Second edition of the report by The Baring Foundation, written by David Cutler with new case studies from councils across the UK
There’s a wonderful scene in the film ‘Dead Poets’ Society’, in which the late Robin Williams, who plays an unorthodox English teacher in an exclusive, stuffy New England private boys school, tries to persuade his students of the value of the arts. He gathers his students, the sons of lawyers, doctors, bankers and industrialists in a huddle in the centre of the classroom, and whispers, “Boys … medicine, law, these are noble pursuits, but they merely sustain life. Poetry … that’s what we stay alive for”.
For me, this simple statement speaks to the true depth and power of the arts for older people. This report, and the case studies it describes, provide an excellent summary of the many benefits that the arts can bring to older people in improving their health and wellbeing, maintaining their independence, and reducing the costs of care. However, the report also highlights the impact the arts can have on tackling loneliness; and loneliness has been identified by older people themselves as one of, if not the most important factor affecting their quality of life. It is the profound impact of the arts on the quality of older people’s lives, the meaning that it gives to their lives, that is perhaps of greatest relevance to local authorities. After all, isn’t improving the quality of life (and quality of life chances) of its residents the ultimate raison d’être of a local authority, and isn’t art in all its wondrous forms, together with a sense of purpose, ultimately what we all stay alive for?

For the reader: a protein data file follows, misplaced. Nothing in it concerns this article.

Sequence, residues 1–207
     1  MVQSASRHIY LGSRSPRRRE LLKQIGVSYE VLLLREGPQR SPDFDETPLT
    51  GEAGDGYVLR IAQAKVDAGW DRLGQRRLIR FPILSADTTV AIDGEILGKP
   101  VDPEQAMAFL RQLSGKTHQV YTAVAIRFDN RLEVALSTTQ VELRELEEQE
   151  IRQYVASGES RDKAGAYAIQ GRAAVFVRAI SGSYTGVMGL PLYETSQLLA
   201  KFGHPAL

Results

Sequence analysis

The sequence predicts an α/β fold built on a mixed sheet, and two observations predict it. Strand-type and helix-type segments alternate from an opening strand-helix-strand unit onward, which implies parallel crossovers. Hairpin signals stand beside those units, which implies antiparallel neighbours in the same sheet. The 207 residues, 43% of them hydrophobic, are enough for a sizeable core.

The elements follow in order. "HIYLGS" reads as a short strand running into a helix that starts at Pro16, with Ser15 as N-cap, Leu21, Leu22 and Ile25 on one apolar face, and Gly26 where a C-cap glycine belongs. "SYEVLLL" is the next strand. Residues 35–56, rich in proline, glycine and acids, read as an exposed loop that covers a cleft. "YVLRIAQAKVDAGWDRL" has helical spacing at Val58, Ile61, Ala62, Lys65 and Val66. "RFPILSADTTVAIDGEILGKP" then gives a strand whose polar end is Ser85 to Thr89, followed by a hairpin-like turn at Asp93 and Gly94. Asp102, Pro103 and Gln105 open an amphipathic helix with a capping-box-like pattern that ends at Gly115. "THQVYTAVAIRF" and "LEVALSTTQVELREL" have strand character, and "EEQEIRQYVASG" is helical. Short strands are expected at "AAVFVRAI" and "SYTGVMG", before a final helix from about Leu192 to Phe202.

Dr Danny Ruta MBBS, MSc, MFPH. Director of Public Health, Lewisham Council. Honorary Senior Lecturer, King’s College London
Image: Moving Memory Dance Theatre Company perform ‘Beyond the Marigolds’. Photo by Matt Wilson